Hispanic farmworkers harvest strawberries at a farm April 28, 2006 in Carlsbad, Calif. (Photo by Sandy Huffaker/Getty Images)
Updated: April 29, 2013 2:15AM
In the mid-1950s my father started traveling from Mexico to the U.S. for the same reason millions of others have done so: to find work.
He became a migrant worker, toiling in the hot sun, often in pesticide- and fertilizer-soaked farm fields. He picked potatoes in Idaho, tomatoes in Delta, Ohio, and cotton in Texas. There were stops in Tennessee, Oklahoma and Utah.
Decades later, he still had earnings — if you could call them that — from one job. They were a few silver dollars he kept in a small metal box. The coins were produced in the late 1800s.
A farmer somewhere along the way told my father and other migrant workers he couldn’t really pay them for their work. But hang on to these rare coins, he urged them, because they are going to be worth a lot.
In the early 1990s I took those coins to a collector who told me they weren’t worth much at all, maybe about $10.
For years I couldn’t bring myself to tell my dad they were virtually worthless, that he had been ripped off by a farm owner doubling as a con artist. When I finally did, he shrugged. I wanted to sob.
To this day conditions are no better for many who essentially become indentured servants to farmers who lack a conscience. There is a population of migrants who consistently work and live in deplorable conditions and receive dirt pay. Most can’t speak up because they are undocumented, and farmers threaten them with deportation.
This month, the government levied paltry penalties against two South Carolina tobacco farming conglomerates associated with Philip Morris and R.J. Reynolds for unlawful conditions for migrants. A labor contractor who underpaid the workers also was penalized.
But let’s face it: Most of the crooks don’t get caught. And they only make life tougher for farmers who follow the law when it comes to hiring, housing and paying migrants.
As an immigration bill is debated in Congress, provisions are needed to protect migrant workers. They are suppliers in our food chain we can’t do without.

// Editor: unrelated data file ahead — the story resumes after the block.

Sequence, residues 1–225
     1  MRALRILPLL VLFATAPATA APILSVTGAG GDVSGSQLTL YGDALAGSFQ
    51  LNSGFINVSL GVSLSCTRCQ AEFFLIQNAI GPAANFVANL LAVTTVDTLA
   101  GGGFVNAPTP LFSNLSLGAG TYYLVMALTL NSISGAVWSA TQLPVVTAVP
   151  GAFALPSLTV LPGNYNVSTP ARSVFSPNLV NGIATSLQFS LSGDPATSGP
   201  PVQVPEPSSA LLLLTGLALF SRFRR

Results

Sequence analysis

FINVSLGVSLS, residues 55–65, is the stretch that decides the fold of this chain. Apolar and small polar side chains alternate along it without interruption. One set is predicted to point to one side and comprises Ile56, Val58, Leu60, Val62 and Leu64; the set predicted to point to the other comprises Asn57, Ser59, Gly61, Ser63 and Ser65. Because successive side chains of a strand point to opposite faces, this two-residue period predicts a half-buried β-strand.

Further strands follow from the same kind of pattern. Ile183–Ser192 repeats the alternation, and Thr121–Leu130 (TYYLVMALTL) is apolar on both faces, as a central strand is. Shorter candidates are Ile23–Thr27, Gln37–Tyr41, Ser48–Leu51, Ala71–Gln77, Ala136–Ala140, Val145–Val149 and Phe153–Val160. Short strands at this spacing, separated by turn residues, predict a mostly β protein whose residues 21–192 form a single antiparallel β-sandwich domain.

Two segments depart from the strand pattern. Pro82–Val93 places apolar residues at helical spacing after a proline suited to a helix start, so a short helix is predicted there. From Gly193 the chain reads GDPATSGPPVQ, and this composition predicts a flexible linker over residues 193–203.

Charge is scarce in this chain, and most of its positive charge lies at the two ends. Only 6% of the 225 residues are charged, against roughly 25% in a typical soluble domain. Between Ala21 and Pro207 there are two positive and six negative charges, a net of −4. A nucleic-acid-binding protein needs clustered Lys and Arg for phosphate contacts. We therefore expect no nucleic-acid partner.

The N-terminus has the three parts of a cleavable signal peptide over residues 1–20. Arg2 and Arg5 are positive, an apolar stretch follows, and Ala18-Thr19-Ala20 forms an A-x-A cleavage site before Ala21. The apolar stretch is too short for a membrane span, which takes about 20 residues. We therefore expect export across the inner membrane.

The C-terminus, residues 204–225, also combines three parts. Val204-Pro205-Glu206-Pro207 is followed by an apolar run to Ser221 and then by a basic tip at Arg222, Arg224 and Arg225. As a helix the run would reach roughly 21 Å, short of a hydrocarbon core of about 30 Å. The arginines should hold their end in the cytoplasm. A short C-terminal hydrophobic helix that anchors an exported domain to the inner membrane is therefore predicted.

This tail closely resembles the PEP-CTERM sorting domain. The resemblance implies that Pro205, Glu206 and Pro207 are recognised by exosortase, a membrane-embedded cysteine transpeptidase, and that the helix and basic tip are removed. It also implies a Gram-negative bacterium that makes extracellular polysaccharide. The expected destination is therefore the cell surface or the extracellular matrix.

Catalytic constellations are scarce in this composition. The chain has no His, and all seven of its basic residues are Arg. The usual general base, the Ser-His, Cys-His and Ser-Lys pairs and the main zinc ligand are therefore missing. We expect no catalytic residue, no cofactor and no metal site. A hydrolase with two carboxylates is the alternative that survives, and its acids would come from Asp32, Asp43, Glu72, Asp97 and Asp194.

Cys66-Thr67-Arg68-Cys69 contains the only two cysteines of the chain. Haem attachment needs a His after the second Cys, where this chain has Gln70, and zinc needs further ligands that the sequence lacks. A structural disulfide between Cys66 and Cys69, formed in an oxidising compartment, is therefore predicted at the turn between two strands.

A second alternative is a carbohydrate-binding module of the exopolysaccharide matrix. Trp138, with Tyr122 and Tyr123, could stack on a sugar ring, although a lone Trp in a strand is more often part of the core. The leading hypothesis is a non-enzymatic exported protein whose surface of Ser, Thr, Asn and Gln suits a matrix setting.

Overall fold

These laborers do work that Americans decline to line up for. The state of Georgia found that out in 2011 when, amid tough state-imposed immigration laws, farmers watched chunks of their fruit and vegetable crops — worth $140 million — rot because harvest crews made up of undocumented migrants refused to enter the state.
“We need a reliable work force,” said Charles Hall, executive director of the Georgia Fruit and Vegetable Growers Association. “In 2011 we knew we had 10,000 open positions for harvesters. Very few Georgia residents wanted to do the work.”
The Senate immigration bill calls for undocumented farm workers to receive blue cards, which would lead to green residency cards in five years and citizenship in 10. These workers have earned at least this much. The House should not balk on this.
Permanent residency would give farm workers the ultimate leverage against dishonest farmers: they could walk away.
My father eventually did that, but I believe the work still killed him.
When he was dying of stomach cancer, doctors told me it was caused by environmental factors.
They asked if he had been a heavy drinker. No.
Did he smoke? No.
Did he eat smoked or cured meats and fish? Rarely.
The only other possible cause, one doctor said, was exposure to pesticides and fertilizers.
There you have it.